Adopting the formula that he described in one of his essays thus: “The only way of expressing emotion in the form of art is by finding an ‘objective correlative’; in other words, a set of objects, a situation, and a chain of events which shall be the formula of that particular emotion; such that when the external facts, which must terminate in sensory experience, are given, the emotion is immediately evoked”, Eliot, going much against the then prevailing belief that “art is nothing but an exercise of self-expression”, gave voice to “a personal and wholly insignificant grouse against life” … in a style that is aimed at “continual extinction of [his] personality”—“That corpse you planted last year in your garden / Has it begun to sprout?”—which after passing through the skilful hands of his editor-friend, Ezra Pound, became the era-defining poem.
Coming to the poem, it has five parts: “The Burial of the Dead”, “A Game of Chess”, “The Fire Sermon”, “Death by Water”, and “What the Thunder Said”, all of them expressing the all-pervading hopelessness in the life of a decayed Urbs Aeterna that had discarded the virtues of the past and jolly well dwelling in the cheapened culture, reading of which is like crossing the Chowringhee Road in the busy morning hours, but there is a whole lot of thrill in all those manoeuvres—through those constant shifts between speaker and time; elegiac explorations of various cultures and literature; the myths and realities, ragtime jazz, gramophones, garbage, music hall, a London pub, etc.— that had finally seen us through to the other end.
The first section deals with death starting with an aristocratic woman’s meditation on the cyclicality of seasons and the current state of barrenness—“What are the roots that clutch, what branches grow / Out of this stony rubbish? Son of man / … / And the dead tree gives no shelter … / And the dry stone no sound of water … ”—and that apocalyptic journey promises even to “show you fear in a handful of dust”. Finally, the poem ends surreally: walking over the London bridge, the speaker, encountering a figure with whom he once fought in a battle [World War I (?)] enquires: “That corpse you planted last year in your garden / Has it begun to sprout? Will it bloom this year?”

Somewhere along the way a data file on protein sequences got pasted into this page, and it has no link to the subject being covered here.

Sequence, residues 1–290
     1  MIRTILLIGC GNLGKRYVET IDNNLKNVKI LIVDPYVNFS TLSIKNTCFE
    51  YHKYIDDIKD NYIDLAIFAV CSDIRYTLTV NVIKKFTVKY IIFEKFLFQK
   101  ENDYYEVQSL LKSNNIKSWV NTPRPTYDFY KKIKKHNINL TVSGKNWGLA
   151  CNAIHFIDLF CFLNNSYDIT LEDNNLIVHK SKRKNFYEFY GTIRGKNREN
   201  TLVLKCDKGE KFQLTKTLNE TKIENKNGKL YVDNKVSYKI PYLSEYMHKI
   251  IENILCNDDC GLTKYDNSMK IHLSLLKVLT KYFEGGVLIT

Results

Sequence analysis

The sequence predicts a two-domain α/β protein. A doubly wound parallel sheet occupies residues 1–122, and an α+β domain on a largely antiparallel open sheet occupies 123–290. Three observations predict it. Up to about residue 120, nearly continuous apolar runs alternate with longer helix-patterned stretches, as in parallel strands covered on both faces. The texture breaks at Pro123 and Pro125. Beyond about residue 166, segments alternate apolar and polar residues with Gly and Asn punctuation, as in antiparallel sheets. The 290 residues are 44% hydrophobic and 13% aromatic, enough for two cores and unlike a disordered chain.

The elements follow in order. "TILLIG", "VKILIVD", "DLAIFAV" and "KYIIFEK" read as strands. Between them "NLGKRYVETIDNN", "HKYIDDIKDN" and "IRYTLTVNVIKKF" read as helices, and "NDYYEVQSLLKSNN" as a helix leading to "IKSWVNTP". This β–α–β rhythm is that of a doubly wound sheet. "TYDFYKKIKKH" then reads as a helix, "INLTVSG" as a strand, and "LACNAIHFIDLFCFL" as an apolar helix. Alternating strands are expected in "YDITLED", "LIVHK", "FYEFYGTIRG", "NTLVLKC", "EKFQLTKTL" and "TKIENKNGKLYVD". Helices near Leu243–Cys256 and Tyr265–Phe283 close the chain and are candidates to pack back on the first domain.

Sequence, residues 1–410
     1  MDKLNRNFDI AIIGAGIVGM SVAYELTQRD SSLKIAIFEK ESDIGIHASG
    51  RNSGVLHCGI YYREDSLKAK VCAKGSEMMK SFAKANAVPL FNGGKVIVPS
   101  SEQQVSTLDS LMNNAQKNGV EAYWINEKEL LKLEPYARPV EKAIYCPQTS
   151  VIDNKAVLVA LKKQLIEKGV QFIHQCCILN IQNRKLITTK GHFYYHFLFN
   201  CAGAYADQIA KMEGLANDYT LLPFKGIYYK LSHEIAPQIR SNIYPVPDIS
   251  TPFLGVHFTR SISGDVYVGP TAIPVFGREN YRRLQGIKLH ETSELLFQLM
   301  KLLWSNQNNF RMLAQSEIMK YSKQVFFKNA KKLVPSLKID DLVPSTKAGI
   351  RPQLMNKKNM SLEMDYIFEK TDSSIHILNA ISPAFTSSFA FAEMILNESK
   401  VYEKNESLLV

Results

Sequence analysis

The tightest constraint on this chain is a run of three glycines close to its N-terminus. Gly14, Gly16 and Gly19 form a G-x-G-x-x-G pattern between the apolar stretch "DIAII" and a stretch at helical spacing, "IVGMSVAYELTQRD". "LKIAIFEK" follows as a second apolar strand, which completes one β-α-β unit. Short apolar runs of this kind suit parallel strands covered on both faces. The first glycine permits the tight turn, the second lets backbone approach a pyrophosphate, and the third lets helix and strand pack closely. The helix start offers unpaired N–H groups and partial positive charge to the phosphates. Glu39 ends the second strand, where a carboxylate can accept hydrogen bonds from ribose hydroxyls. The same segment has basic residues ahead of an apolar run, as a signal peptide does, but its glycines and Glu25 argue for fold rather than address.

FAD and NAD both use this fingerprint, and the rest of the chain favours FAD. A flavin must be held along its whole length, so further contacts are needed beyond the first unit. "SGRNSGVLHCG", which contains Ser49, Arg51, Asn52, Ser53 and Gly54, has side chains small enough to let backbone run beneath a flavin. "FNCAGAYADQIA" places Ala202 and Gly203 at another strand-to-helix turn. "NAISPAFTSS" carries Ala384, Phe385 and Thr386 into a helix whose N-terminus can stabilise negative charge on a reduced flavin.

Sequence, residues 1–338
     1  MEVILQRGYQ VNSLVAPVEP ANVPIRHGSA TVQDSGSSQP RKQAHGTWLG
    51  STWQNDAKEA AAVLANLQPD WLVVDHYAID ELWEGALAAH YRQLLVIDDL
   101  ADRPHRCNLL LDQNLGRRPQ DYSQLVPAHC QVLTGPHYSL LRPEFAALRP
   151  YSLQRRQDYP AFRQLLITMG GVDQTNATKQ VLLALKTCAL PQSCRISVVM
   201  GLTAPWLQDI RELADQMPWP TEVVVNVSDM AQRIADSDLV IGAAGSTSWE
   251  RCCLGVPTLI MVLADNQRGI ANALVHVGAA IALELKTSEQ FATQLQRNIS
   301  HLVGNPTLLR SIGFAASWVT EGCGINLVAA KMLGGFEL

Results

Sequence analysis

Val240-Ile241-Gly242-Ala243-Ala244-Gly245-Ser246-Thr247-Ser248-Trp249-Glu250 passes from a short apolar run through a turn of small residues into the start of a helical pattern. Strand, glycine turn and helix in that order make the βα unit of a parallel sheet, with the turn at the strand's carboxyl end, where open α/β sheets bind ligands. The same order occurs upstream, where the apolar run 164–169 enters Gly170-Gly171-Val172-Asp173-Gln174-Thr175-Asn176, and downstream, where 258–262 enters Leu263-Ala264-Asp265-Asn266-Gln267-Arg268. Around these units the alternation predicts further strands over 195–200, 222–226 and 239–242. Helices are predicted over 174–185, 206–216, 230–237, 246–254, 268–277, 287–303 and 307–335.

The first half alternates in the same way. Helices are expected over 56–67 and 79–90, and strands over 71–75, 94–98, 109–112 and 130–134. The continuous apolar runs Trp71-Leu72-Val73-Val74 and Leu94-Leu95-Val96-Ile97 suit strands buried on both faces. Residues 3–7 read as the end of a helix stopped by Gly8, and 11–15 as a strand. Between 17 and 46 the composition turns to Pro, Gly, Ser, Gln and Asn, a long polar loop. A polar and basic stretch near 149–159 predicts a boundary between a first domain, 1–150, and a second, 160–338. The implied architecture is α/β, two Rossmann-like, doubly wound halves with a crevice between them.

The second section transiting from death to sex uses figures from Greek Mythology to talk about rape, procreation, and sexual desire. In the first part, we come across a wealthy woman, who is waiting for her lover, overtaken by frantic neurotic thoughts cries: “My nerves are bad tonight. Yes, bad. Stay with me. / Speak to me, Why do you never speak? Speak …” The second part of this section happens in a London barroom between two lower-class women who converse about another woman’s husband returning from war awaiting “a good time” and if the lady “don’t give it him, there’s other's will … ” and finally the women at the bar attender’s repeated calls of “HURRY UP PLEASE IT’S TIME” leave the bar, perhaps ruminating on the question, “What you get married for if you don’t want children?” to a chorus of goodnights that reminds us of Ophelia’s farewell.